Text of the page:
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D. 202 high schools add heart rate monitors to physical education classes

Plainfield East High School Physical Education teacher Jennifer Mannes incorporates the use of heart rate monitors in her class. Students wear the monitors with an armband to track their heart rate during physical activity. All District 202 high schools are now using heart rate monitors in P.E. classes to help students meet cardiovascular fitness goals.   All four District 202 high schools now have heart rate monitors in physical education classes to help students meet their personal cardiovascular fitness goals.

The monitors at each school can be worn with a wristband, armband, or chest strap.

Students can use the heart rate monitors to individualize workouts and set goals according to the students’ heart rate, said Brian Beck, Plainfield South High School physical education division chair.

“Heart rate monitors give an objective assessment for each student based on students’ effort, not their behavior,” Beck added. “Students receive credit for what they do, not how fast they can run, how strong they are or how they shoot a basketball.”

The heart rate monitors record exercise time, minutes spent in the fitness zone and students’ current heart rate, said Jennifer Tomczak, Plainfield High School – Central Campus physical education division chair.

Each monitor is linked to students’ individual settings through the Polar Go Fit App, said Adam O'Reel, Plainfield East High School physical education division chair.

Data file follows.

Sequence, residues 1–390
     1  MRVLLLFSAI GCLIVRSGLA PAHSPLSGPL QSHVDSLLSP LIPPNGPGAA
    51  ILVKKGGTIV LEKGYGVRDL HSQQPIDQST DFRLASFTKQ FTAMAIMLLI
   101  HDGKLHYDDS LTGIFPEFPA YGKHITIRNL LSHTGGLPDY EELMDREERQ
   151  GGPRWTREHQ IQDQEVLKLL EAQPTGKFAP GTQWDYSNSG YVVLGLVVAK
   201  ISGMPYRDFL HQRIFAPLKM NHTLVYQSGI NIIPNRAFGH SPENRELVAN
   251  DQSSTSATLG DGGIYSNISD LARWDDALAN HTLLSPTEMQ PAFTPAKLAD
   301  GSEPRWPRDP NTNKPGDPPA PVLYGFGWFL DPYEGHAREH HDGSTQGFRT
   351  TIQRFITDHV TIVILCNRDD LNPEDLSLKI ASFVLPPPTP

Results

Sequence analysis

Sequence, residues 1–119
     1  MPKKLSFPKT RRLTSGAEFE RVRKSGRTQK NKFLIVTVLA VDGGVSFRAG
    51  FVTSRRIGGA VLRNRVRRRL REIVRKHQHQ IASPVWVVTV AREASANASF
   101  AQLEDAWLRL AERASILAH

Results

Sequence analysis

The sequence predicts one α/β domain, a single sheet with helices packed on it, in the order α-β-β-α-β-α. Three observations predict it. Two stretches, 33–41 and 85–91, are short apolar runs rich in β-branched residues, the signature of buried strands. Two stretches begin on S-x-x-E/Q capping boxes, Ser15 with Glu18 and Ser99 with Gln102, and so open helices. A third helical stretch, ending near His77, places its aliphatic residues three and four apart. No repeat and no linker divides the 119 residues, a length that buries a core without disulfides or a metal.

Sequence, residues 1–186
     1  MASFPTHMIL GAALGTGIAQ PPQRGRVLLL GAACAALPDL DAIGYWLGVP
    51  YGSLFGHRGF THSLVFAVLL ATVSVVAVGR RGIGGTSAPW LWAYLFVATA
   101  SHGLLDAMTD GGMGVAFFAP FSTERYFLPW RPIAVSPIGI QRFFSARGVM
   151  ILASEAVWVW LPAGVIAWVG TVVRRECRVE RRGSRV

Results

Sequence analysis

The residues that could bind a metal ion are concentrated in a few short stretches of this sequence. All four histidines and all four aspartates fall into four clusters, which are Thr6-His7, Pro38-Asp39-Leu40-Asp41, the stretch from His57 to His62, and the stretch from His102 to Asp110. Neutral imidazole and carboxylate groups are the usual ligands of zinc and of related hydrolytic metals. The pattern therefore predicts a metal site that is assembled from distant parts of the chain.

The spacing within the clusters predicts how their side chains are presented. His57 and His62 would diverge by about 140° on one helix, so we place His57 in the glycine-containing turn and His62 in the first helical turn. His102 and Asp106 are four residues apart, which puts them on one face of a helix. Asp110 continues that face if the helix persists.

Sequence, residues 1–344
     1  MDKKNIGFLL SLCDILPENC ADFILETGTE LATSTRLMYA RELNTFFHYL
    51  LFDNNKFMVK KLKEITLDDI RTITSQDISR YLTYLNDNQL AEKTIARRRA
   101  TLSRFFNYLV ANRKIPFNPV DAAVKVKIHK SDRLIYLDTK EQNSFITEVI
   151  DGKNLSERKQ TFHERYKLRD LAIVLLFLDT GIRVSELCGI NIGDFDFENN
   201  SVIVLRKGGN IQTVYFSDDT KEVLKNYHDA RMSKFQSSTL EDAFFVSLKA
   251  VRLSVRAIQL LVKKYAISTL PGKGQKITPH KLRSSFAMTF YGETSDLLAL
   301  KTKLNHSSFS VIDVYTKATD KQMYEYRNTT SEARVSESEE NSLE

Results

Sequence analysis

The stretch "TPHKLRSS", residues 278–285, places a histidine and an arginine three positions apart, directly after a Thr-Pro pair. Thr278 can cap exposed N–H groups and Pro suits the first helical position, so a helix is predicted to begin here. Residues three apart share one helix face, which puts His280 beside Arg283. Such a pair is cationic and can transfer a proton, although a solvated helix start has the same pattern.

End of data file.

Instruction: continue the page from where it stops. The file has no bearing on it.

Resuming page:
“The settings are based off the students’ max heart rate and they have to reach goals of anywhere from 50 percent to 90 percent target heart rate,” O’Reel added.

The heart rate monitors give students and teachers immediate feedback on the intensity of the activity level, which can be viewed on an iPad and reports generated through the device system, said Lynette Bayer, Plainfield North High School physical education division chair.

In many classes, a projector also displays students’ identification number with their target heart rates. This gives students the opportunity to assess how they are performing in real time and adjust their intensity level as needed, Tomczak said.

The heart rate monitors have been received positively by students, Beck said. “I have seen students’ motivation to be active increase tremendously on the days they are wearing a heart rate monitor,” Beck added.

The implementation of heart rate monitors has emphasized cardiovascular health, O’Reel said. “It creates great conversation between the students and the teachers on the importance of cardiovascular health and has made it easier to judge efforts of each student,” O’Reel added.

In addition, the use of heart rate monitors has incorporated more technology in class, O’Reel said. “Students enjoy new technology, and this is exactly what we need to take the next step forward with our fitness,” he added.

 

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